Before I start with the last full day of the first rehearsals, I would like to send TVR my gratitude for not only being late with paying their debt, but also being so late not paying it that the rehearsal schedule could not be changed anymore, which meant I only had potentially eight blue stages to deal with today. Thank you, thank you, thank you. It means a lot.
Now that this business is dealt with, it’s time to face the blues:
Is there a more appropriate way to start this day? There is a danger of people mistaking it for a mid-evening interval performance of this year’s Eurovision anthem and taking a bathroom break though, but it’s not like it wouldn’t happen otherwise.
After sharing my sincere thanks to TVR, I also want to thank RTV Slovenija for paying such good attention to the only two requests I made after the Slovenian NF: 1. get rid of that silly costume change gimmick, and 2. bring back Peter Poles. It looks like they tried, but got their wires crossed somehow, because they got rid of the gimmick and got a pole. With a man. Who is not Peter Poles.
Speaking of crossed wires: wow, that cleavage.
Back to Poles that are not Peter: I realize some songs need help getting noticed. But that’s no excuse of adding things that contribute absolutely nothing to the value of the performance, no matter how – admittedly – lovely the acrobat on the pole is.
Also confusing: Why does she sing “blue and blue and red is red” but her projected multiple faces behind her are yellow and blue? And why does her backdrop look like the British flag? People are already struggling to place this song as it is.
Only one song has passed since Australia, but we’re back to the future again, this time visiting a time period that is doesn’t have as much budget.
This time, Poli is not asking where her dress is. Unfortunately it did not get lost during transport. It’s different, I’ll give it that – that’s the phrase you use when you’re not sure what else to say, right? I keep hearing – from blogs and the totally unbiased official Bulgarian Twitter account – that it somehow makes much more sense when you see this on screen with actual camera work and all that, but I wonder if it’s possible for a really unappealing dress to suddenly really look good. I actually saw the choreography for this in a Bulgarian news report, and it looked cool and modern when Poli was wearing her gym clothes, but with this dress it’s a little weird. Nothing wrong with weirdness, but hard to get right.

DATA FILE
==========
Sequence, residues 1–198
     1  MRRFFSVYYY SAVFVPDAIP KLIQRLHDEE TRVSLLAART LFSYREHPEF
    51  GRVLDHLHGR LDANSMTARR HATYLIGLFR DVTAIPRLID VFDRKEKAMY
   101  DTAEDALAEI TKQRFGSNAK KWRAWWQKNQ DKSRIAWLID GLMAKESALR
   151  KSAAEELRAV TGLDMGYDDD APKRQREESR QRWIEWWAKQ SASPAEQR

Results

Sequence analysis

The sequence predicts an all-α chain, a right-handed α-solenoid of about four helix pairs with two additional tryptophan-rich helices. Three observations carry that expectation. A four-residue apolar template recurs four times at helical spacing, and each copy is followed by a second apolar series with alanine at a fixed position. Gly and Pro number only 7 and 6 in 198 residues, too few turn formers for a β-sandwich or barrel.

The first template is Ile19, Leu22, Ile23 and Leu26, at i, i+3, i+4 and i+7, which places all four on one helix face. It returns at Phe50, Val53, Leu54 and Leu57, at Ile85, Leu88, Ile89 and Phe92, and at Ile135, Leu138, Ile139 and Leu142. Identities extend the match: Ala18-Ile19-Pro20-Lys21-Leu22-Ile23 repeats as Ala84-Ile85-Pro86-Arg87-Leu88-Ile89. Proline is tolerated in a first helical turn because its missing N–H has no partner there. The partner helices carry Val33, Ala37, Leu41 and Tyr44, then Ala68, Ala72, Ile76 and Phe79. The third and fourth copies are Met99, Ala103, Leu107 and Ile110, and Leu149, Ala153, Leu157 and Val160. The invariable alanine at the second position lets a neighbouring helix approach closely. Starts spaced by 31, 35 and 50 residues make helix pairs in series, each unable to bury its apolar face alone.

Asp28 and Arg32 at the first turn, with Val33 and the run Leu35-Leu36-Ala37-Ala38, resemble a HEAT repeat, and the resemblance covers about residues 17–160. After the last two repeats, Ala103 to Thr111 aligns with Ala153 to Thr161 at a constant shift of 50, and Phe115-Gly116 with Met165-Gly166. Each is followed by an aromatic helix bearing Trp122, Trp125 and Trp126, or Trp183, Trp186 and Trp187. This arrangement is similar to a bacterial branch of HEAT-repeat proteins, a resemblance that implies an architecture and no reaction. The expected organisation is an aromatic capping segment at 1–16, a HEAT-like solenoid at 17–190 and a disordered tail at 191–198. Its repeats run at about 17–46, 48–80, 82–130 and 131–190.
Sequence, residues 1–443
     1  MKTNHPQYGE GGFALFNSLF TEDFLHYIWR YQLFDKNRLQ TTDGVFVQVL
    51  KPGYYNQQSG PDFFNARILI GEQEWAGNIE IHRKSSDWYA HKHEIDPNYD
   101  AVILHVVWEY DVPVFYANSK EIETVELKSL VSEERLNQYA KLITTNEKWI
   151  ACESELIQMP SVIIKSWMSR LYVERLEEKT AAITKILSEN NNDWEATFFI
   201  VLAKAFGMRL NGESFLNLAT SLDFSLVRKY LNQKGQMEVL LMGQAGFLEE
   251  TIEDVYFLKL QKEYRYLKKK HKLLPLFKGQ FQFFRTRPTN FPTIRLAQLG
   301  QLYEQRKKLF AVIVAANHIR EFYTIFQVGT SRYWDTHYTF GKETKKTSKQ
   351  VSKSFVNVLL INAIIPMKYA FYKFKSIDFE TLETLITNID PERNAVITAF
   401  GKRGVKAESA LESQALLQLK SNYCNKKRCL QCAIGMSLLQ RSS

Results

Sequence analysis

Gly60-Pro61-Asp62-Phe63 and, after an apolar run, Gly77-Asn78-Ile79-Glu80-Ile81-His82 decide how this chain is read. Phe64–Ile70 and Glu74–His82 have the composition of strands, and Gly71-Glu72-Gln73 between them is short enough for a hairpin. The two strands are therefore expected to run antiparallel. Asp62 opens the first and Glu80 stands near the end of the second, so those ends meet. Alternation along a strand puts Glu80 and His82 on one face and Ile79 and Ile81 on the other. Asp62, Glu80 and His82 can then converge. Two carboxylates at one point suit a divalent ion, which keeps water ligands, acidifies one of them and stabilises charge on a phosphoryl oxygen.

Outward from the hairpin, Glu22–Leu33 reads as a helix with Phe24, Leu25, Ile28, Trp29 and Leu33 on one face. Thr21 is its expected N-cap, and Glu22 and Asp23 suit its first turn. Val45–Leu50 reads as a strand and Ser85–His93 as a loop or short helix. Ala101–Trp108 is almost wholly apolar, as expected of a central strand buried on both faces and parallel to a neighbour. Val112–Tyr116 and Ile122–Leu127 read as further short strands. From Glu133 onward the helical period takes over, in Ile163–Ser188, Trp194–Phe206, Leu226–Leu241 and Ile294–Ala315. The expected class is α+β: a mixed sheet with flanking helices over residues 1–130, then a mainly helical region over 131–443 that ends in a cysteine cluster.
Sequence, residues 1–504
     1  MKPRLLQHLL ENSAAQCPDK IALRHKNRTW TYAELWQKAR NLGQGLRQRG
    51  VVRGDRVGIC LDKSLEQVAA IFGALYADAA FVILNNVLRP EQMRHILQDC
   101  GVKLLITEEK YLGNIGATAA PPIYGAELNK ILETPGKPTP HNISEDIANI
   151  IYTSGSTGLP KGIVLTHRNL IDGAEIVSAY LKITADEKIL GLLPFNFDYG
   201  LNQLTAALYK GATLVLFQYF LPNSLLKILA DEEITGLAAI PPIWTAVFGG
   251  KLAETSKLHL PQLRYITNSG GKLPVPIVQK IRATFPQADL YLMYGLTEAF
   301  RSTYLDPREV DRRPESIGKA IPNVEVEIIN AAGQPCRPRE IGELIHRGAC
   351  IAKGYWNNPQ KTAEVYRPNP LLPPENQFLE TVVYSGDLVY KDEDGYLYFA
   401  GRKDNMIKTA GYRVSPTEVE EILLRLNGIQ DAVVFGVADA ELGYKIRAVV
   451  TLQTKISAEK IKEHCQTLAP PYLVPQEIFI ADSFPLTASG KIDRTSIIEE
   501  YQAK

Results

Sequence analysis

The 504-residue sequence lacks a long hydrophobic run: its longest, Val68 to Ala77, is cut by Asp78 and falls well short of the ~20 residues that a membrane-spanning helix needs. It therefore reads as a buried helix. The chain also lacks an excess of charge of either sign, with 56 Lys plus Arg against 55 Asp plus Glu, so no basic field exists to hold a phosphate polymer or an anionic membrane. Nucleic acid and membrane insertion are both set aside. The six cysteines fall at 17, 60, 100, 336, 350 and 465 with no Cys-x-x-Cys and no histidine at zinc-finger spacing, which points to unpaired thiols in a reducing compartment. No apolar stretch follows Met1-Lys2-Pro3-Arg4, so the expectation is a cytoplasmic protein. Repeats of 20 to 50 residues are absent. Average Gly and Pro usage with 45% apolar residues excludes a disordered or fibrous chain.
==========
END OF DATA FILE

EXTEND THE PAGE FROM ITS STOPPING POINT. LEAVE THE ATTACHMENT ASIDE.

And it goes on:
I’ve never been a fan of dancing people appearing in LED screens instead of actually having real dancing people with the lead singer but that’s what we get, with Poli’s five backing singers only joining her for the last part of the song. Perhaps we can send them to Samra and have Samra send her dance routine Poli’s way? I think it’s a fair trade.
The stage has a lot of tolerable static blue, and seem to have some sort of concept that relates to the dress, the choreography and the eventual camera work. So there’s hope, still, even if I should know better by this point of my life than getting emotionally attached to Bulgarian entries.
And here we are with the nation that won Eurovision the last two times it was held in Sweden. In Hebrew, We have saying that literally means “third time – Ice cream”, which sounds fair, as this is really the only thing Lighthouse X can realistically expect. Not there’s anything wrong with ice cream, especially the one I am eating right now: it’s triple chocolate and very yummy and probably very fat too, but hey, it’s Eurovision rehearsal week. Calories consumed in rehearsal week don’t count.